For whatever reason, the answer is no. You saw the man about to ask you dancing and thought he wasn’t very good. He smells funny. Your friend told you he was a terrible lead. Your feet hurt… you have a blister… you are done for the evening… whatever. How do you avoid getting suckered in, feeling like you should “be nice”? There are a number of ways to do this.
First of all, always remember you don’t have to dance with someone just because they ask! That’s number one. Then you have options:
You could smile softly, and with a polite wave of the hand, and perhaps even a bit of near-surprise in your voice (“dance, who me?”), and say: “Oh, no thank you.” And then you stand still. This way, in your body language, you gently but firmly show that you’re serious (lest he should be the insistent type). You drop your chin slightly and continue to look elsewhere, either talking to a friend (as you may have been doing before you were asked and, ahem, interrupted), gazing out on the dance floor, or anywhere but at the potentially persistent invitation. This is a confident but polite way to do it.
You could also give the legitimate excuse, the reason why. You don’t have to explain, but if you don’t want to dance, and there’s a reason why, you can give it. You say “oh, no thanks, my feet hurt,” or “oh, no, I’m taking a break,” or “no, I don’t like this song,” or “no I’m going to get a drink…” etc. etc. – the list goes on.
Naturally, avoid reasons like “oh no, you look like you can’t dance,” or “you are too sweaty,” however. You don’t want to create a negative atmosphere around you or make anyone feel bad – you just want to be free to dance with whomever you choose.
And then, of course, you could look busy. Talk to a friend, walk the other way, turn around, move away, look like you’re actively searching for someone else (maybe another dancer) as you see him approaching. Keep your face relaxed, don’t look like you’re running away or playing hide-and-seek, and do whatever you are doing assertively (as in, so it’s obvious you are not dancing this one). You’ll just appear confident and preoccupied.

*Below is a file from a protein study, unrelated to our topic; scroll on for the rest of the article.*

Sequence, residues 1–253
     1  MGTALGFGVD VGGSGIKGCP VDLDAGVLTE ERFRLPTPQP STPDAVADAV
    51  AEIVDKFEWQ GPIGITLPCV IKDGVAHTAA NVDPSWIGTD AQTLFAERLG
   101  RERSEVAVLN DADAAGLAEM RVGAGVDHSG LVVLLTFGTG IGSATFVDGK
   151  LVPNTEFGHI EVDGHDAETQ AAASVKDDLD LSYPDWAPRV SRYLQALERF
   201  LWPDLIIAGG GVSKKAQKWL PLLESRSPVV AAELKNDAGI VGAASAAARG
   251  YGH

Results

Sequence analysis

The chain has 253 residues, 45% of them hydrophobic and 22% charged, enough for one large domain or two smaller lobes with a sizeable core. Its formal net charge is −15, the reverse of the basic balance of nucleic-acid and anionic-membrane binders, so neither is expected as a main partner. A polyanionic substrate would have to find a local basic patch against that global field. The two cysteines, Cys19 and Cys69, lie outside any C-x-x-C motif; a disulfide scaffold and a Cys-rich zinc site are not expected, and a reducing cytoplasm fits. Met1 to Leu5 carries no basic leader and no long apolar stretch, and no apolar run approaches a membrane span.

Again, we come back to square one – you don’t have to dance with someone if you don’t want to. A polite and simple “No, thank you” is often best. And then, release any guilt – you’re out to have a good time, you have a right to be choosy and enjoy yourself. You don’t have to please anyone. Also remember that it’s perfectly normal for a man to be refused or rejected – his ego will survive, and he may even ask again. Plus, a better dancer might ask afterward – and if you want to dance with him, you can accept! Don’t be afraid to be seen dancing with another after refusing the first – you have choices, it’s normal. Anyone who berates you about this or makes you feel guilty is simply immature.
It sounds so easy, but women often forget that we can make the choices with invitations to dance, that we don’t have to accept every single one. Just relax, and have a good time. Keep the phrasing simple when refusing an invitation – no one needs an elaborate or excuse, story, or justification. Just be there to dance and have a good time! And when it’s time to say “No,” say what you need to say, and move on. Remember to just be yourself, and have fun.